Gastropods are well-known animals which have been associated with humans since the dawn of civilization. Their bodies were gathered for food and their shells were used as tools, ornaments, and later as money. Their widespread occurrence is clear evidence of their successful adaptation to different environments. During a long evolution, they are the only molluscan class to have colonized the majority of marine, freshwater, and terrestrial environments. Marine gastropods occur mostly in shallow-water benthic communities; however, some gastropod species have also lived in the deep sea (e.g., faunas associated with hydrothermal vents), and others, such as holoplanktic animals, have spent their whole lives as freeswimming gastropods. The terrestrial gastropods colonized most land environments, ranging from lowlands to high mountains, and including humid to arid biotopes of tropical to subarctic areas. Such adaptive radiation is quite exceptional amongst all animal phyla and is linked to the extraordinary morphological and functional diversity of their bodies and shells. The gastropods comprise one of the most diverse groups of living animals (the second after Insecta). All these facts, together with their long and rich fossil record, make gastropods a unique animal group for evolutionary, ecological, and biogeographical investigations. There follows a brief review of gastropod anatomy, shell morphology, classification, and more than 500 million years of evolution. The Gastropoda forms one of eight molluscan classes, and is defined by several unique anatomical features which support its interpretation as a molluscan group derived from the same ancestor (i.e., monophyly). The most characteristic feature of gastropods is torsion of their soft bodies during early larval stages, producing a crossing of their nerve connectives, bending of the intestine, and twisting of the mantle cavity (together with associated structures, including the ctenidia, anus, kidney openings, etc.) anteriorly over the gastropod head. (ex Frýda 2004) Frýda, J. (2004): Gastropods, 378-388. In: Encyclopedia of Geology, R.C. Selley, L.R.M. Cocks, and I.R. Plimer (eds), Elsevier, 3200pp., ISBN 0-12-636380-3.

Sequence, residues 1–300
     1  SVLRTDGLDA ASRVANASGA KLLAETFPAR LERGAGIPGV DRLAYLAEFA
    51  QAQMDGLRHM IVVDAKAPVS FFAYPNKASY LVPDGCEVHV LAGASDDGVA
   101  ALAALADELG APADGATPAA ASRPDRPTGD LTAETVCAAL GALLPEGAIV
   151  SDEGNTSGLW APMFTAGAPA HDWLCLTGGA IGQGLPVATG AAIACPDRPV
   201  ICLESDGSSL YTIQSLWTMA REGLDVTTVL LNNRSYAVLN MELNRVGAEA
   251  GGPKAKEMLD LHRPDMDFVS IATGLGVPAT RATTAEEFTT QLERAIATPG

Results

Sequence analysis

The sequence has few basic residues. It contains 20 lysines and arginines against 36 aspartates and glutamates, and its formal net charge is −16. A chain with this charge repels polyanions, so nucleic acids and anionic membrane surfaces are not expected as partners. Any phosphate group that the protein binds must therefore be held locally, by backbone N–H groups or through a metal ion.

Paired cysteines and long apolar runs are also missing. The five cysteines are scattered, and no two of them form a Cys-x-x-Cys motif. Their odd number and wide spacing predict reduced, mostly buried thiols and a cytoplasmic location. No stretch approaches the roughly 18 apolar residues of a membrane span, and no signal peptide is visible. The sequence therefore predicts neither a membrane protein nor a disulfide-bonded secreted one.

In the Virtual Museum there are total 1555 samples